Appeal from the Order of the Unemployment Compensation Board of Review in case of In Re: Claim of John Y. Hill, No. B-168647.
John Y. Hill, Pro Se, petitioner.
Charles G. Hasson, Assistant Attorney General, with him Richard Wagner, Chief Counsel and Edward G. Biester, Jr., Attorney General, for respondent.
Judges Mencer, Craig and Williams, Jr., sitting as a panel of three. Opinion by Judge Mencer.
[ 52 Pa. Commw. Page 142]
John Y. Hill (claimant) appeals an order of the Unemployment Compensation Board of Review (Board) denying him benefits for refusing suitable work without good cause, pursuant to Section 402(a) of the Unemployment Compensation Law (Act), Act of December 5, 1936, Second Ex. Sess., P.L. (1937) 2897, as amended, 43 P.S. § 802(a). We affirm.
On August 18, 1978, claimant completed his last day as a part-time driving instructor for Ridley Senior High School. As an instructor, claimant worked 30 hours a week for 9 weeks and earned approximately $1,500. After filing for unemployment benefits, claimant was offered a position by Hennessy's Driving School (Hennessy) as a driving instructor with the Pottstown School District (Pottstown), to commence on September 7, 1978.*fn1 Claimant, whose status with Pottstown was to be that of an independent contractor, would be compensated at rates ranging from $5 to $6.50 an hour, depending upon whether claimant was driving or performing classroom duties. Although claimant had accepted similar positions from Hennessy over a period of several years, he refused the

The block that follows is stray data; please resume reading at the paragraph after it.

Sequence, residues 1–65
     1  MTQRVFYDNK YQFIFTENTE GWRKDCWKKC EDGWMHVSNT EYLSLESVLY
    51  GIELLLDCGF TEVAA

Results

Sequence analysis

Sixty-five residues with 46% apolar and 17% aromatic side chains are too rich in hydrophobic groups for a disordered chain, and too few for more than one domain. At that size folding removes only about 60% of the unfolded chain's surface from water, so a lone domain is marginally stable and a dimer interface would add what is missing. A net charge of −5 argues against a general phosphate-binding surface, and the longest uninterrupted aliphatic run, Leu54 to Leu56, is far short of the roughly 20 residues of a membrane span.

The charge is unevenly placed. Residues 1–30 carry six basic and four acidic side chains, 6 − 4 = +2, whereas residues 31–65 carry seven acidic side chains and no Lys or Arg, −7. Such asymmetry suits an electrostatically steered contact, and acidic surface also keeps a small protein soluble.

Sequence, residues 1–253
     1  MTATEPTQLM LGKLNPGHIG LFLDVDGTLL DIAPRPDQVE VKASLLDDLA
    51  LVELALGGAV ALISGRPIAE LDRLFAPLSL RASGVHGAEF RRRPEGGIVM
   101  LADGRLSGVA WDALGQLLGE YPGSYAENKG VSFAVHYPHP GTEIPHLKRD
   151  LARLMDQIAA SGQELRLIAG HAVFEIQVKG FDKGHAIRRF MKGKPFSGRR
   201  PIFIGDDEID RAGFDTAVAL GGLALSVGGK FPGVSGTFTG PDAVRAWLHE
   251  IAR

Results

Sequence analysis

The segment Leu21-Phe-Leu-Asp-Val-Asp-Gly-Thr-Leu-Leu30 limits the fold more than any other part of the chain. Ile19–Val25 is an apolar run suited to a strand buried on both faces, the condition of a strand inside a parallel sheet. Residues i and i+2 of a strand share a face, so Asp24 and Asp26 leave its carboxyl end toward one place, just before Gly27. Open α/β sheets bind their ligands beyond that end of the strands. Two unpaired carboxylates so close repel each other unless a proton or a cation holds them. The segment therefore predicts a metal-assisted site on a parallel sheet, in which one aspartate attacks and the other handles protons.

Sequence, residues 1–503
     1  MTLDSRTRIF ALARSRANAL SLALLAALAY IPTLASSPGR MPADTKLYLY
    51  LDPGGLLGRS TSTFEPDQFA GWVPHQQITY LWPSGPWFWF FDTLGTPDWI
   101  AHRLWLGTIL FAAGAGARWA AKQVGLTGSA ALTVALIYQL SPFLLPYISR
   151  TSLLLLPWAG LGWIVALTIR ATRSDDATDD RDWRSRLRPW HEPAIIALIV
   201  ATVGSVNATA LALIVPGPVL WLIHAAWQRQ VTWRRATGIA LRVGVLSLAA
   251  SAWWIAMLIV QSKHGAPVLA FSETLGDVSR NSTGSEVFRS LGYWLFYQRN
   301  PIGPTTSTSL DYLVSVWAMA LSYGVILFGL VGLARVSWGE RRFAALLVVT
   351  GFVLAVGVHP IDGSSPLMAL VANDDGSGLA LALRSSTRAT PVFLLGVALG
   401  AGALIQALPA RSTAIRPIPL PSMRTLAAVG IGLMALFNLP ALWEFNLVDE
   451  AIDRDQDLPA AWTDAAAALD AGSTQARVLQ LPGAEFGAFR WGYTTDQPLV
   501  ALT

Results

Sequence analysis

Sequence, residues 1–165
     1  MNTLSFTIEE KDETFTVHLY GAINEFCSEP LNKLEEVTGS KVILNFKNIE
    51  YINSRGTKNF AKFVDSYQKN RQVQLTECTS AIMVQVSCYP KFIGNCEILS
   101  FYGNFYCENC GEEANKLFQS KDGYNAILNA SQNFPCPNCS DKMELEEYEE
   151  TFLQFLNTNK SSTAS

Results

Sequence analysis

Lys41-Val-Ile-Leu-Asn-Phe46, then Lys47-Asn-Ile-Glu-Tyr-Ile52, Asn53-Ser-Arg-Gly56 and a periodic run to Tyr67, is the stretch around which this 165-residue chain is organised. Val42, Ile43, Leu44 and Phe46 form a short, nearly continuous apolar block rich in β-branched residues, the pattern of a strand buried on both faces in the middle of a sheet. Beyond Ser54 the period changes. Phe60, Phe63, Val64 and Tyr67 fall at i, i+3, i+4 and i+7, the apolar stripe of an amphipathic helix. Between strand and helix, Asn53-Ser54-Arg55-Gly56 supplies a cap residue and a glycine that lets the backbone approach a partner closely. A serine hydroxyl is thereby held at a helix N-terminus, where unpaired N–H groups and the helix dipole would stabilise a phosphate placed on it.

[ 52 Pa. Commw. Page 143]
offered employment. As a result, claimant was denied benefits by all levels of the compensation authorities. This appeal followed.
Claimant argues that, since he had necessitous and compelling reasons to refuse the job offer, the Board erred in deciding his case under Section 402(a) instead of Section 402(b)(1). We disagree.
Claimant, who proceeded pro se, has misconstrued the purposes of the two provisions. Section 402(b)(1) clearly applies only to those situations in which a claimant who is employed decides to voluntarily end his employment. To be eligible for benefits, the claimant's decision must have been motivated by compelling and necessitous reasons. See, e.g., Arufo v. Unemployment Compensation Board of Review, 37 Pa. Commonwealth Ct. 555, 391 A.2d 43 (1978). Section 402(a), on the other hand, applies to those situations in which a claimant, who is already unemployed, refuses a suitable job referral or offer without good cause. See, e.g., Barillaro v. Unemployment Compensation Board of Review, 36 Pa. Commonwealth Ct. 325, 387 A.2d 1324 (1978). Since claimant's circumstances plainly fall within the ambit of Section 402(a), the Board did not err in utilizing it as the basis for disqualifying claimant from receiving benefits.*fn2
Claimant next contends that the Board erred in finding that he refused the proffered position because (1) he considered the 60-mile round trip commuting ...